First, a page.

It is a self-evident truth: You can only improve something if you realize that it's still not quite good enough; that it still could, and should, be better.
What if early humans had been satisfied by living in caves, hunting for food, and walking around wearing bearskins? Would we have skyscrapers, microwave ovens, designer clothes and a space program today? Civilization is by its very nature progressive. Advancements through the ages - the Stone Age, the Ice Age, the Bronze Age - have brought us to our present world order. Even in this present day and age, we are witnessing progress on a phenomenal scale and at a phenomenal rate in every aspect of our lives: travel, communication, medicine, home appliances and many others.
Personally, too, are we ever satisfied with our wage packet? Our looks? Our popularity?
We strive for progress in every respect:

* Vocationally, we look for promotion, to climb up the corporate ladder.
* Academically, we proceed from one grade to the next; from school to college to university.
* Physically, we grow from an embryo to a developed child to an adolescent to an adult.
* Emotionally, as well, our thoughts, opinions, perspectives, nature change.
* So spiritually?

Can daily puja and attending weekly assemblies really bring a fullstop to our spiritual endeavors and development?
If so:
Why would Bhagatji Maharaj ask Gunatitanand Swami, "Bless my soul with satsang!"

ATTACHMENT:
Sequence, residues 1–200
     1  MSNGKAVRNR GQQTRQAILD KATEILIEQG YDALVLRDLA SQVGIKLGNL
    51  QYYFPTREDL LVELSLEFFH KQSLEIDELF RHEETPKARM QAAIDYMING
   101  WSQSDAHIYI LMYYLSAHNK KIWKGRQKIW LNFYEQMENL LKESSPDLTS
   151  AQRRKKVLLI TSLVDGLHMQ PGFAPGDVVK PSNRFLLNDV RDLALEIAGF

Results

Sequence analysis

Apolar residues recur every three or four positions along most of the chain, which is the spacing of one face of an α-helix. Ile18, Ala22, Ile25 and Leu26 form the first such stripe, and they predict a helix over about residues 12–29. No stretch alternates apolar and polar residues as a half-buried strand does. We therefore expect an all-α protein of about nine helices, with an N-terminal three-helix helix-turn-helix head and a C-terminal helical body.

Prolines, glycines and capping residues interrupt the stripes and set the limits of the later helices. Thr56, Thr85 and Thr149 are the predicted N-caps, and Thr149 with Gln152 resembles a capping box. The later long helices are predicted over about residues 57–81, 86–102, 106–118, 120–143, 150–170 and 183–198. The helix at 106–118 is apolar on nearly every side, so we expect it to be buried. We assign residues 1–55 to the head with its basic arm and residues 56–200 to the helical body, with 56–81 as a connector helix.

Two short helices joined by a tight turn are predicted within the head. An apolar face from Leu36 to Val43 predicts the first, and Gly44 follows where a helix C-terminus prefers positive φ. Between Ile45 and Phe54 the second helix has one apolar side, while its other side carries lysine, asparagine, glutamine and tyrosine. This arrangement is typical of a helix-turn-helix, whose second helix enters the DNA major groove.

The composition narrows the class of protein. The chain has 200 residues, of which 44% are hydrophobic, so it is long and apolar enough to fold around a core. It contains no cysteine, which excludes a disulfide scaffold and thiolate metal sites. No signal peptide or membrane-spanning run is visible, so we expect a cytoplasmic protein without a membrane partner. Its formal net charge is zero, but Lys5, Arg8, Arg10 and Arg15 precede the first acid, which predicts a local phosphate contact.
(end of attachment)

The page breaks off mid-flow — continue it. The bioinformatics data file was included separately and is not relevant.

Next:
Why would Shriji Maharaj explicitly tell senior paramhansas like Muktanand Swami and Brahmanand Swami, "You are still novices in Satsang."
Why would Gunatitanand Swami starkly reveal to the devout Shivalal Sheth of Botad, "I see only half your heart dedicated to Satsang."
Why would the leading Sadguru Paramchaitanyanand Swami have to admit after 24 years, "For 12 years I have been a sadguru, for 12 years I have been a guru, but only today have I become a satsangi."
Perhaps our definition of satsangi requires a little refining.

The Impetus To Progress
The Best Keep Getting Better

Consider three very famous Michaels who share more than similarity of name: Michael Jackson, Michael Jordon and Michael Johnson. Each could have been forgiven for stopping at what everyone else felt was their career best. But they went one step further, and got better than the best!
After Jackson's all-time best-selling album 'Thriller' (more than 45 million copies sold globally), he got even better by getting 'Bad.' The rest is 'History.'
Jordan had already slam-dunked his way to basketball don's Hall of Fame. But then the legendary Chicago Bulls hero worked as a lord on his defense to add a deadly fallaway jump to his arsenal of skills.
Johnson already had an illustrious track record before the 1996 Atlanta Games. But he went on to become the only man in history to win both the men's 200m and 400m gold. Two medals to match his famous golden shoes.
Being just good is not good enough.
Being the best is better.
But being better is best of all.
Taking the sporting and talent theme further, let's reflect upon what Dan O'Brien shared in an interview during the last Olympic Games. Still considered by many as the world's greatest all-round athlete, the three-times world champion, world record-holder, and decathlon gold medallist said: "You run until you almost want to throw up, but you're out there, competing.... And you get this feeling you could just run on forever... I realize there is nothing for me to do but keep competing until my body betrays me." When asked: "Compete against who?" He replied explicitly, "Dan O'Brien!"